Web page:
Look closely and you can see a subtle shift taking place. Traditionally, venture investors have been willing to take market risk but not technical risk. In other words, they wanted to see a working prototype, but were willing to take a flyer on whether demand would emerge. This new breed of investors are taking on technical risk on technologies, such as new sources of energy, for which there is little market risk if they can be made to work.
The Quantum Computing Ecosystem
At the end of 2019, Amazon announced Braket, a new quantum computing service that would utilize technologies from companies such as D-Wave, IonQ, and Rigetti. They were not alone. IBM had already been building its network of quantum partners for years which included high profile customers ranging from Goldman Sachs to ExxonMobil to Boeing.
Here’s the catch. Quantum computers can’t be used by anybody for any practical purpose. In fact, there’s nobody on earth who can even tell you definitively how quantum computing should work or exactly what types of problems it can be used to solve. There are, in fact, a number of different approaches being pursued, but none of them have proved out yet.
Nevertheless, an analysis by Nature found that private funding for quantum computing is surging and not just for hardware, but enabling technologies like software and services. The US government has created a $1 billion quantum technology plan and has set up five quantum computing centers at the national labs.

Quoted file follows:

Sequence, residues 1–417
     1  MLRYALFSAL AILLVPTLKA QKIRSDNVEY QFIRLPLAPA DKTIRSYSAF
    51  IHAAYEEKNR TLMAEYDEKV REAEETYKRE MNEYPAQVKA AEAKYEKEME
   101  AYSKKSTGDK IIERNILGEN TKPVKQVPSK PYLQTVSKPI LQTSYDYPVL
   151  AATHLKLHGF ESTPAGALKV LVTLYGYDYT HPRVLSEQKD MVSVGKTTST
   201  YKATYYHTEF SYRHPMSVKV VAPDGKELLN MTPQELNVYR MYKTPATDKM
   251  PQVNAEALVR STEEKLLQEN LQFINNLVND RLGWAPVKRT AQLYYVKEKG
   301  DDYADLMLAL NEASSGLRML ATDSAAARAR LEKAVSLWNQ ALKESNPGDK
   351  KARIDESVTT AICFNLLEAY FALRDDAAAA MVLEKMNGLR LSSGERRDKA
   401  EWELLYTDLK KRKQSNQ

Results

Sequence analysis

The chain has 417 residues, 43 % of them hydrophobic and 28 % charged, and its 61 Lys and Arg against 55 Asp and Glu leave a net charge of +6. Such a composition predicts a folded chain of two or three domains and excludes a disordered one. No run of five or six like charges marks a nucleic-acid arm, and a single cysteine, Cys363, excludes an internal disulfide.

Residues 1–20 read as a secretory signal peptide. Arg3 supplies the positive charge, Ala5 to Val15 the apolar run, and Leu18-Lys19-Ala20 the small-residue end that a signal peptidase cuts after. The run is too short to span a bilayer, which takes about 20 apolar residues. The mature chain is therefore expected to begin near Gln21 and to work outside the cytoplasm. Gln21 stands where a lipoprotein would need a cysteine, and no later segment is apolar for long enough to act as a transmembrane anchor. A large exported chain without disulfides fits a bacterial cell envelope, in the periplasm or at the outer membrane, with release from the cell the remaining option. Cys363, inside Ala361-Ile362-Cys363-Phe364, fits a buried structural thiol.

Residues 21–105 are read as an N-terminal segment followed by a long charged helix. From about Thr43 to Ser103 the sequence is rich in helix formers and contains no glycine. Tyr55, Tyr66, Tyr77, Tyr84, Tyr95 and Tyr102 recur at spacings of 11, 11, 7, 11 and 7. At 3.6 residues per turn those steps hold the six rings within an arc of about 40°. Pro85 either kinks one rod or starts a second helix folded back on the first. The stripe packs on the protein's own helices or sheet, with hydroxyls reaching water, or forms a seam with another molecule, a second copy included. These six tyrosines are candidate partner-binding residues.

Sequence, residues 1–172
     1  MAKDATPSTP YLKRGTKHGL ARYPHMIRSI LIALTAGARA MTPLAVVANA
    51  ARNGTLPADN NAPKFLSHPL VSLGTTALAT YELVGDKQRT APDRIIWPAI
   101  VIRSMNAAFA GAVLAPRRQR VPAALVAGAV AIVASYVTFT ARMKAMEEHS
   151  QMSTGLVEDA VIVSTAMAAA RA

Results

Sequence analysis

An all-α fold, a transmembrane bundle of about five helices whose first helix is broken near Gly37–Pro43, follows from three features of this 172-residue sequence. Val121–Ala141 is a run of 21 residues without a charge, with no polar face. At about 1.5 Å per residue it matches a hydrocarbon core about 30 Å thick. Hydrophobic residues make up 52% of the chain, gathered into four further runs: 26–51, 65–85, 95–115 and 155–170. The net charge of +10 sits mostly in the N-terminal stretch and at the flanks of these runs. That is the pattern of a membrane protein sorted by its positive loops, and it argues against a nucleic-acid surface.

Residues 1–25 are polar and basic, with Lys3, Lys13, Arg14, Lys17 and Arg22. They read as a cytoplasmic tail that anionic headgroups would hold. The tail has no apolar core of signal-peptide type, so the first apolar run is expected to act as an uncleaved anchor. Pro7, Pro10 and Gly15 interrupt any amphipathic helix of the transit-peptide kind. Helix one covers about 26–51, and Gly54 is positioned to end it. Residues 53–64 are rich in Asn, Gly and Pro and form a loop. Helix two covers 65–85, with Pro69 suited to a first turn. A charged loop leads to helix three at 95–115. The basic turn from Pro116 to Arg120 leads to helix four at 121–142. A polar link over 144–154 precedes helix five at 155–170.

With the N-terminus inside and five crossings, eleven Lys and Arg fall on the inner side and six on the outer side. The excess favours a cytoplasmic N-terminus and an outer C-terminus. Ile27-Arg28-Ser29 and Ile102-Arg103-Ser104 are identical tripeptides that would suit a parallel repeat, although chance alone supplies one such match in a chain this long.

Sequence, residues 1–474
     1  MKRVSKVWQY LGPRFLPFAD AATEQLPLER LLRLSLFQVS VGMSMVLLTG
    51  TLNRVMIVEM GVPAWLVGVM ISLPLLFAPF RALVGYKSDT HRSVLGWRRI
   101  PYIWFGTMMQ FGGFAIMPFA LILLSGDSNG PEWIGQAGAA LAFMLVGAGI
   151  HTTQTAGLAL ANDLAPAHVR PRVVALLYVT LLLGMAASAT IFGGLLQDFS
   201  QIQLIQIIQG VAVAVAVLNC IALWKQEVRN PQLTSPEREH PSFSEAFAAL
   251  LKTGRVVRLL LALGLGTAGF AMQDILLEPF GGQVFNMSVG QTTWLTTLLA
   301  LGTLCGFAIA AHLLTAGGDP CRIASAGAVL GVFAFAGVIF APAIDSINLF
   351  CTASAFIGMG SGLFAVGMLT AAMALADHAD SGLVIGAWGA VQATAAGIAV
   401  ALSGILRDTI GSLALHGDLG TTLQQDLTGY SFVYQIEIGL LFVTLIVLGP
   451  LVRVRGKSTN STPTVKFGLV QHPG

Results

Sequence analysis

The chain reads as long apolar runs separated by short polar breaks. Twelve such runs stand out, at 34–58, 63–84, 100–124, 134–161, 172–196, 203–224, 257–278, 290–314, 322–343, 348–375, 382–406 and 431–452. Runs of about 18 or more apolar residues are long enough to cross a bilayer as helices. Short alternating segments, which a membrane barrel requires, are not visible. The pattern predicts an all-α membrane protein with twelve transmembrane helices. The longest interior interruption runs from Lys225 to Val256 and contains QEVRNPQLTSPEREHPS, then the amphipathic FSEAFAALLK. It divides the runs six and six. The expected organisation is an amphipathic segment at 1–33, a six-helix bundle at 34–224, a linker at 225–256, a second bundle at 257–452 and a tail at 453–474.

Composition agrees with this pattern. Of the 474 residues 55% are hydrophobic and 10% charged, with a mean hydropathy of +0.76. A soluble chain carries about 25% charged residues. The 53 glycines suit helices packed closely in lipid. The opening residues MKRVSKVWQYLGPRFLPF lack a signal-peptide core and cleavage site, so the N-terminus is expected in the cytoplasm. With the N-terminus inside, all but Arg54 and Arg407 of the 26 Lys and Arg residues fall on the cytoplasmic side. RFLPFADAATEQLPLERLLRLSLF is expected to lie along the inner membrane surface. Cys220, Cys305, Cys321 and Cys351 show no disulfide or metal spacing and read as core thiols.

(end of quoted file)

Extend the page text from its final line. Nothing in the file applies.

So if quantum computing is not yet a proven technology why is it generating so much interest? The truth is that the smart players understand that the potential of quantum is so massive, and the technology itself so different from anything we’ve ever seen before, that it’s imperative to start early. Get behind and you may never catch up.
In other words, they’re thinking for the long-term.
A Plan Isn’t Enough, You Need To Have A Vision
It’s become fashionable to bemoan the influence of investors and blame them for short-term and “quarterly capitalism,” but that’s just an excuse for failed leadership. If you look at the world’s most valuable companies—the ones investors most highly prize—you’ll find a very different story.
Apple’s Steve Jobs famously disregarded the opinions of investors, (and just about everybody else as well). Amazon’s Jeff Bezos, who habitually keeps margins low in order to increase market share, has long been a Wall Street darling. Microsoft invested heavily in a research division aimed at creating technologies that won’t pan out for years or even decades.
The truth is that it’s not enough to have a long-term plan, you have to have a vision to go along with it. Nobody wants to “wait” for profits, but everybody can get excited about a vision that inspires them. Who doesn’t get thrilled by the possibility of a colony on Mars, miracle cures, revolutionary new materials or a new era of computing?
Here’s the thing: Just because you’re not thinking long-term doesn’t mean somebody else isn’t and, quite frankly, if they are able to articulate a vision to go along with that plan, you don’t stand a chance. You won’t survive. So take some time to look around, to dream a little bit and, maybe, to be inspired to do something worthy of a legacy.
All who wander are not lost.